Three ancient groundwater lakes found on Mars increased the likelihood of life.

Three ancient groundwater lakes found on Mars increased the likelihood of life.

Two years ago astronomers Reported results This is what a large lake underneath a thick layer of ice in Mars’ Antarctica. Now scientists have discovered and confirmed three new subterranean lakes in the same area and believe that there could be more.

New research published in the journal this week Natural astronomy, Further confirms the 2018 discovery, expanding that discovery to three new ponds in the surrounding area. Researchers European Space AgencyMars Express spacecraft studying 134 observation data sets from 2012 to 2019.

To detect the lake, Mars Express’ radar equipment sent radio waves across the red planet’s surface and reflected in a certain way depending on the material present there. A similar method is used to find lakes under glaciers on Earth.

The high reflectivity detected by the research team suggests trapped large liquid water beneath the surface.

“The possibility of an extended oversalt water body on Mars is particularly interesting because of the possibility of microbial life.” “Future exploration to Mars will target this area and need to collect experimental data related to the underlying hydrological system, its chemical and traces of space biological activity.”

The largest lake found is about 19 miles in diameter and is surrounded by several small ponds. Researchers believe that the water there is salty, so it can remain liquid even at Mars’ cold temperatures.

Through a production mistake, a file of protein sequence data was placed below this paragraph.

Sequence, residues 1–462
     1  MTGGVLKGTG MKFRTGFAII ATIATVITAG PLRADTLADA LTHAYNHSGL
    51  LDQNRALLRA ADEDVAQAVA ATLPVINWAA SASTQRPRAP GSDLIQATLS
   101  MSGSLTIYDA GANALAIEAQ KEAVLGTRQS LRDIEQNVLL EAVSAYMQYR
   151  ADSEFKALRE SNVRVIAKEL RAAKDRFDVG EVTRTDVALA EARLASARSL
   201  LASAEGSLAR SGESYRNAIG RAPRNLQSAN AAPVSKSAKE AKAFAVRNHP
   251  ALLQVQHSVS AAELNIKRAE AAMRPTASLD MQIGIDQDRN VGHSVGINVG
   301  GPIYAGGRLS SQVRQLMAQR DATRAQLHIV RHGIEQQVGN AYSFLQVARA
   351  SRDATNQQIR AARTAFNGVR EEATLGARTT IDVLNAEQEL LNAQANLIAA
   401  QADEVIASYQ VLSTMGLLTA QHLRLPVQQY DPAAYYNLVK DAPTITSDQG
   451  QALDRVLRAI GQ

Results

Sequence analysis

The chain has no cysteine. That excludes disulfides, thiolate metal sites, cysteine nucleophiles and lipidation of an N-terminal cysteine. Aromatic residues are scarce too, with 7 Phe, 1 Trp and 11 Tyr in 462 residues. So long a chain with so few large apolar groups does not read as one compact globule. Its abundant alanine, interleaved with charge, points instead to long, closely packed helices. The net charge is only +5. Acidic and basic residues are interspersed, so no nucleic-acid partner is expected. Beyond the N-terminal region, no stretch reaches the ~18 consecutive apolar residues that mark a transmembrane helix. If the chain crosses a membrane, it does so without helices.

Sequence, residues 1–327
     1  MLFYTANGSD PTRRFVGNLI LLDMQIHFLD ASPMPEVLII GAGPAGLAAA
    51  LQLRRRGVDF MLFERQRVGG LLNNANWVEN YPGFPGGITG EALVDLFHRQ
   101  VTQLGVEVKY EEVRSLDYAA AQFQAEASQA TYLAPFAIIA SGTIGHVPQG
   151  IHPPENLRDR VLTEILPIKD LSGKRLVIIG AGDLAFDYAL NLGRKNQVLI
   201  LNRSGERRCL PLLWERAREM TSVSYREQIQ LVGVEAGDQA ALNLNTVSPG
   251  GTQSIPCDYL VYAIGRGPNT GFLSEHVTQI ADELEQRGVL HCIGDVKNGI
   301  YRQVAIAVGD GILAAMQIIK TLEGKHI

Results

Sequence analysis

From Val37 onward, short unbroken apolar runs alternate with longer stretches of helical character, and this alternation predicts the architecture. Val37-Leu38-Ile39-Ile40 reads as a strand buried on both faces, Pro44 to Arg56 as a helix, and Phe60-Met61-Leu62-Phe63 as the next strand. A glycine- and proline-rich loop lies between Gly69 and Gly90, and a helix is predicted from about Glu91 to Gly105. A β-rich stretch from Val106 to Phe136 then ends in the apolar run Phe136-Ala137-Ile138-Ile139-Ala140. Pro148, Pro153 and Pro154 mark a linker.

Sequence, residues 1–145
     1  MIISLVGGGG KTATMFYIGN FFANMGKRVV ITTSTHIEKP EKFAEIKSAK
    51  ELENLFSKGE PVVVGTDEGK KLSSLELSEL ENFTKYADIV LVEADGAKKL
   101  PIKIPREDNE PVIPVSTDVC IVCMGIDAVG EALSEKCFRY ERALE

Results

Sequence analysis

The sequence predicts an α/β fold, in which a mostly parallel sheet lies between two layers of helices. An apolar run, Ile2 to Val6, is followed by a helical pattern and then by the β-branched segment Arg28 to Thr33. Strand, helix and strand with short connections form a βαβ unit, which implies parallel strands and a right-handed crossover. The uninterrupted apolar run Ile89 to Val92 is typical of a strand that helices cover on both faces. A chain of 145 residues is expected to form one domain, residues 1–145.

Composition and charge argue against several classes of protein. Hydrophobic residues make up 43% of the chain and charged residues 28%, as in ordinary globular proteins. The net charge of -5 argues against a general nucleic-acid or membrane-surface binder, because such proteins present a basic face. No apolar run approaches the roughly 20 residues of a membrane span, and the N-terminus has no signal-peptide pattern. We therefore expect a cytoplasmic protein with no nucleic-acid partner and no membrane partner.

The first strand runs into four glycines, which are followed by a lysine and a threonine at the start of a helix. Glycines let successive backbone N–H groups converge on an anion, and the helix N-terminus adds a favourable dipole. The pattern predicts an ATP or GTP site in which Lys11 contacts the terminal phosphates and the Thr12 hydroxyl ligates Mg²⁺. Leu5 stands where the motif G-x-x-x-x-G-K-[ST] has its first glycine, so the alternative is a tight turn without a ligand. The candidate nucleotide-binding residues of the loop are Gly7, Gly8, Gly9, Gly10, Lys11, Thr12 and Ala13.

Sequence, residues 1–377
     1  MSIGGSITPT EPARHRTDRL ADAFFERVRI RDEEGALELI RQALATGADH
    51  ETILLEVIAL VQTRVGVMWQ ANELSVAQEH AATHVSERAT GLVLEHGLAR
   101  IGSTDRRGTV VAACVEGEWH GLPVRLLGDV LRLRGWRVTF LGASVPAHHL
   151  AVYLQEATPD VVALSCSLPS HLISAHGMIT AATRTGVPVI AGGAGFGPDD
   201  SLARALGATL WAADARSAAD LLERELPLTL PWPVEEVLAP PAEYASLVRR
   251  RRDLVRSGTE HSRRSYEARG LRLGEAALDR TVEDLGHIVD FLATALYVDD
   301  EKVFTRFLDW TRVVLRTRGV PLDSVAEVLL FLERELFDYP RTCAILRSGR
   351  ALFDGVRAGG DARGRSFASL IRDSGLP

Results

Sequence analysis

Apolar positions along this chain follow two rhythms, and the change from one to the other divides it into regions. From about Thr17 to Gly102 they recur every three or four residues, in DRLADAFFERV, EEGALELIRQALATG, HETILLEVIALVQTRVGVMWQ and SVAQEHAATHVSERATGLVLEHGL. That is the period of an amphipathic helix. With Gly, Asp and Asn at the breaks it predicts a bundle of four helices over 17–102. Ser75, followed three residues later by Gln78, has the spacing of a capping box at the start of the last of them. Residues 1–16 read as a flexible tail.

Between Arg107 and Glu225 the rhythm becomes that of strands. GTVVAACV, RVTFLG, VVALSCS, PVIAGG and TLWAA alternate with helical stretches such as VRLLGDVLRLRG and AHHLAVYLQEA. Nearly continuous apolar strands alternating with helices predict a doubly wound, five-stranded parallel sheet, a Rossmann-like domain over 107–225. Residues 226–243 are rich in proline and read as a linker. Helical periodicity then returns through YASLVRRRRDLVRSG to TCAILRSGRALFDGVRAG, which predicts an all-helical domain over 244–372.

Mars Express finds more groundwater on Mars to
European Space Agency, ESA Above

Very high salt content can mean there is no life.

“There isn’t much active life in this brine pool in Antarctica,” said John Priscu, environmental scientist at Montana State University in Bozeman, a group of groups that study microbiology in icy environments. nature. “They are just pickled. It could be. [on Mars]. “

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Scientists believe this discovery suggests the possibility of a much larger network of ancient underground lakes that could be millions or even billions of years when Mars, like Earth, was warmer and wetter.

Water cannot remain stable on Mars’ surface because there is currently no significant atmosphere, but the presence of liquid water on Mars means it has life potential. The lake under the glacier allows researchers to investigate how life can survive in extreme environments, but it is very difficult to get there because it is buried a mile below the ice layer.

“There must have been a lot of water on Mars,” said Elena Pettinelli, planetary scientist at the University of Rome, co-author of the study. “If there was water, there was a possibility of life.”

However, not everyone is confident in the data. Mike Sori, planetary geophysicist at Purdue University in West Lafayette, Indiana, told Nature:

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